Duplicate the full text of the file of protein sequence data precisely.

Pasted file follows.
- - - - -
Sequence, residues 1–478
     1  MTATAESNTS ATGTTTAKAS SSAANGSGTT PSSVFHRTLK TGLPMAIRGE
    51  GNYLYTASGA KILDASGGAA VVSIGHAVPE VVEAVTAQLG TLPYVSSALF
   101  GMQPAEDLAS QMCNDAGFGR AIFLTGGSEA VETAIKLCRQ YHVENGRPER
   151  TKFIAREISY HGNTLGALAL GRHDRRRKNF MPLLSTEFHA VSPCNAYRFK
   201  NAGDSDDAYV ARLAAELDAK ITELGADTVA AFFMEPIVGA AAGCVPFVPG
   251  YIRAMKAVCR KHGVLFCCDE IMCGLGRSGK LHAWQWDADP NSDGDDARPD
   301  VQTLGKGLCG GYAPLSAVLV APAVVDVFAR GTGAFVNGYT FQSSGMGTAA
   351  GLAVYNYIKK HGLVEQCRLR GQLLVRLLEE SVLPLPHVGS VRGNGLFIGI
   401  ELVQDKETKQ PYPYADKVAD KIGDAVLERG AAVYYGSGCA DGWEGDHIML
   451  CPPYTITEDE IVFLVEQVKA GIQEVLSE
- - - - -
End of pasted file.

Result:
Sequence, residues 1–478
     1  MTATAESNTS ATGTTTAKAS SSAANGSGTT PSSVFHRTLK TGLPMAIRGE
    51  GNYLYTASGA KILDASGGAA VVSIGHAVPE VVEAVTAQLG TLPYVSSALF
   101  GMQPAEDLAS QMCNDAGFGR AIFLTGGSEA VETAIKLCRQ YHVENGRPER
   151  TKFIAREISY HGNTLGALAL GRHDRRRKNF MPLLSTEFHA VSPCNAYRFK
   201  NAGDSDDAYV ARLAAELDAK ITELGADTVA AFFMEPIVGA AAGCVPFVPG
   251  YIRAMKAVCR KHGVLFCCDE IMCGLGRSGK LHAWQWDADP NSDGDDARPD
   301  VQTLGKGLCG GYAPLSAVLV APAVVDVFAR GTGAFVNGYT FQSSGMGTAA
   351  GLAVYNYIKK HGLVEQCRLR GQLLVRLLEE SVLPLPHVGS VRGNGLFIGI
   401  ELVQDKETKQ PYPYADKVAD KIGDAVLERG AAVYYGSGCA DGWEGDHIML
   451  CPPYTITEDE IVFLVEQVKA GIQEVLSE